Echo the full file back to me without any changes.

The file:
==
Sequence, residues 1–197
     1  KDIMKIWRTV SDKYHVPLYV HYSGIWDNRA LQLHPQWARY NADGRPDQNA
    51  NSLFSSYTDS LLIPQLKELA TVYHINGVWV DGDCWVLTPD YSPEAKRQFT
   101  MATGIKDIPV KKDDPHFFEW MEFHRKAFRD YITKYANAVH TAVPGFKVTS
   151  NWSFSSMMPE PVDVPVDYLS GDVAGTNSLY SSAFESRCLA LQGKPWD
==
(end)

Sequence, residues 1–197
     1  KDIMKIWRTV SDKYHVPLYV HYSGIWDNRA LQLHPQWARY NADGRPDQNA
    51  NSLFSSYTDS LLIPQLKELA TVYHINGVWV DGDCWVLTPD YSPEAKRQFT
   101  MATGIKDIPV KKDDPHFFEW MEFHRKAFRD YITKYANAVH TAVPGFKVTS
   151  NWSFSSMMPE PVDVPVDYLS GDVAGTNSLY SSAFESRCLA LQGKPWD